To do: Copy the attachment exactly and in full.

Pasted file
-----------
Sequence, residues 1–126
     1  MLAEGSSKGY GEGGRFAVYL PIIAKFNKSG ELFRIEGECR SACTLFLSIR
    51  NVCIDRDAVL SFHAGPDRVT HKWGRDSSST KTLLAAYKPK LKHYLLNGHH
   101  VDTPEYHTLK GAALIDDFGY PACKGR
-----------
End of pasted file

Sequence, residues 1–126
     1  MLAEGSSKGY GEGGRFAVYL PIIAKFNKSG ELFRIEGECR SACTLFLSIR
    51  NVCIDRDAVL SFHAGPDRVT HKWGRDSSST KTLLAAYKPK LKHYLLNGHH
   101  VDTPEYHTLK GAALIDDFGY PACKGR